Just four days after Christmas, 53-year-old Edmonton man Phu Lam shot and killed four women, two men, and two children before turning the gun on himself.

As investigators struggle to find answers in what the city’s mayor has described as "a devastating case of domestic violence," experts are offering their insights to help better understand Lam’s actions.

University of Toronto professor Katreena Scott, the Canada research chair in family violence prevention and intervention, says that while the killings are shocking and saddening, existing studies can help explain what took place.

“We know a lot more about some of the risk factors involved in homicides and suicides and this kind of linked offence,” Scott said.

Some of the factors to look for, she says, are obsessive behaviour, depression in the killer, and an escalation of violence prior to the murder. Threats of suicide or harm towards the victim, as well as a history of violence, can also be warning signs.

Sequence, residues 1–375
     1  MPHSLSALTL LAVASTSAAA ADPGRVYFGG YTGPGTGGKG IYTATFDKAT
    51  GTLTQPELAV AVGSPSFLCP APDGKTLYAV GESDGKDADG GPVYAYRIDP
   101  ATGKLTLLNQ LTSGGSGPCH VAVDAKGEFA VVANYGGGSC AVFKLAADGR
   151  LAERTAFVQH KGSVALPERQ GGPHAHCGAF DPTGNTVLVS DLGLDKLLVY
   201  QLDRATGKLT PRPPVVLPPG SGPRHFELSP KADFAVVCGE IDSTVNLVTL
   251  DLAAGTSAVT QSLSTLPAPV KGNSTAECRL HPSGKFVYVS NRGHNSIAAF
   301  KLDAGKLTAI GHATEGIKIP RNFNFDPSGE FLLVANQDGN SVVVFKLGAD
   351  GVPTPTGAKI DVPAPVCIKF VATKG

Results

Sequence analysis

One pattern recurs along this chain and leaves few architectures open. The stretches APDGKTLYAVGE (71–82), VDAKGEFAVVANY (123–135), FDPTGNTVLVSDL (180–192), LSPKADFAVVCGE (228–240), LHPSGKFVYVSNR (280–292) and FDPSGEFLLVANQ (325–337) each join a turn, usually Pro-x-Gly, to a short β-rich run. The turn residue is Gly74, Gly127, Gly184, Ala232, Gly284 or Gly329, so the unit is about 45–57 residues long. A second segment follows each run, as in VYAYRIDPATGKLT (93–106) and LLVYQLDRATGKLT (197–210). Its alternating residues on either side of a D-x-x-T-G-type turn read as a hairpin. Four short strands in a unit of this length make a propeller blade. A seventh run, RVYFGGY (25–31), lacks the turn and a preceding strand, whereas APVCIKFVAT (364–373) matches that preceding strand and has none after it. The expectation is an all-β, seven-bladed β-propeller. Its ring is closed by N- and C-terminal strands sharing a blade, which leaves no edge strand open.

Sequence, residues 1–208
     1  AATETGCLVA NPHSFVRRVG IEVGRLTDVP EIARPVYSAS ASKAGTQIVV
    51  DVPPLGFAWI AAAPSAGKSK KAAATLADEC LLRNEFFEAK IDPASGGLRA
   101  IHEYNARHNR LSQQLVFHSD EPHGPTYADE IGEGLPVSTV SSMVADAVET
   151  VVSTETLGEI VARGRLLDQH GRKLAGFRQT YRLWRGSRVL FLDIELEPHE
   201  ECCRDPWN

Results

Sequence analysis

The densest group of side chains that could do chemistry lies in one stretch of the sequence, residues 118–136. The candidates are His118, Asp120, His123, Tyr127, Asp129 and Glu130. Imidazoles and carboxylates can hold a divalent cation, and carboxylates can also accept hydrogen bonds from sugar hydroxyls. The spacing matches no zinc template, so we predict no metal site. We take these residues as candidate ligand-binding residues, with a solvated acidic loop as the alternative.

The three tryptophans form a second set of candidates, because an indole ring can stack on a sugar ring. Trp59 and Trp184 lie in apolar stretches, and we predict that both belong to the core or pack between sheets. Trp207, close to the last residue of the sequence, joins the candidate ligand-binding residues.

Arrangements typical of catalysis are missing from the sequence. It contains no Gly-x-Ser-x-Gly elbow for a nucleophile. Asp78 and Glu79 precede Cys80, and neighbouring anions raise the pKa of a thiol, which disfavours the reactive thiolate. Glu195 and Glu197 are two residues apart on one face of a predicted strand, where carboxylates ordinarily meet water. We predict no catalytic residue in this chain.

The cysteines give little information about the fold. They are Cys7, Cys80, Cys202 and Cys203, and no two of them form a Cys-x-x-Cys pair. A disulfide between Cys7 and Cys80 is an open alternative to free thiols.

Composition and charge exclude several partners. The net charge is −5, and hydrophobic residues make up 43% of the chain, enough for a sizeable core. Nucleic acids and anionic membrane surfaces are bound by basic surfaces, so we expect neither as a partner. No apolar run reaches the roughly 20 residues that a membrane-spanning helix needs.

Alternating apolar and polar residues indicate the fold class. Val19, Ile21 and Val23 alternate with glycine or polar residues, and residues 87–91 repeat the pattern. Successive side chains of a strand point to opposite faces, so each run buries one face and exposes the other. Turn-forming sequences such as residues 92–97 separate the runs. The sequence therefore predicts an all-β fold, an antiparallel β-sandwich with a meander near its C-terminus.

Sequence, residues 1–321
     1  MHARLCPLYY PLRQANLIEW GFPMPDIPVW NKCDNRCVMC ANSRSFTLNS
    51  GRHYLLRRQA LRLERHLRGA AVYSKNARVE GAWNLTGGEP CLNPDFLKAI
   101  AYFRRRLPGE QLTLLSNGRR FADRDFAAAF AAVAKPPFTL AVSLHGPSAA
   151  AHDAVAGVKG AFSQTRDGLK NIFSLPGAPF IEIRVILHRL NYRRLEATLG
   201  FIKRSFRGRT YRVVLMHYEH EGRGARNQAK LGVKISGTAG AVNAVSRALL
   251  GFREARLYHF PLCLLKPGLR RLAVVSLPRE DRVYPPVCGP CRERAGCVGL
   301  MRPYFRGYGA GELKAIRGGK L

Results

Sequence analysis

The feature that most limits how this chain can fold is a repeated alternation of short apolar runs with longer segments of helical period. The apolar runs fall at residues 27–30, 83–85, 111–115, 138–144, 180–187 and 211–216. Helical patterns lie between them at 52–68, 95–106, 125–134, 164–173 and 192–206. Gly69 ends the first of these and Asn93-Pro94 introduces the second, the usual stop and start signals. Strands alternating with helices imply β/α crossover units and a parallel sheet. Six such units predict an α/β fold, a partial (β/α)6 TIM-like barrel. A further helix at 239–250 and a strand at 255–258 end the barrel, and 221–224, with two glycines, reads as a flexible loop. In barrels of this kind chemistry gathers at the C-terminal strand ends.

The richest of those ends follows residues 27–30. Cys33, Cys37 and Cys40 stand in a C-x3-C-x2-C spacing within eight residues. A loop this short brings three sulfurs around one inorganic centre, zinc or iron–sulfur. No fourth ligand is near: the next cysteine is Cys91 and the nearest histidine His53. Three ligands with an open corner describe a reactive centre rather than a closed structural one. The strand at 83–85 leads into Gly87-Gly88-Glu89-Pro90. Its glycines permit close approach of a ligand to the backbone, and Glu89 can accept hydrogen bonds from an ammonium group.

Scott said that about 75 per cent of suicidal homicides share seven or more of these “risk factors.”

“When you look backwards and piece together the information, you realize that there are many, many things that are risk factors for that family,” she said.

Scott said police usually know about these risks in the cases of people with records, but that others have to be made aware to prevent these situations from repeating themselves.

Timeline of events

Investigators say Lam shot one woman at a south Edmonton home Monday night at about 6:50 p.m.

Officers were then called to a north Edmonton home on two separate occasions. The first time, the caller asked for help with a “depressed” and “overly emotional” male family member, but no one answered the door when police arrived. A second, different caller phoned police after midnight, and officers entered the home to find seven dead, including two children.

The next morning, police surrounded a Vietnamese restaurant in nearby Fort Saskatchewan and found the suspect dead inside at about 9 a.m.

Lam was a maintenance worker at the VN Express, according to the daughter-in-law of one of the restaurant’s owners.

A black SUV found at the restaurant had also been spotted at the south Edmonton home where the first victim was killed, police said.

The 9mm handgun used in the deadly rampage was legally registered in B.C. in 1997, but was reported stolen in 2006.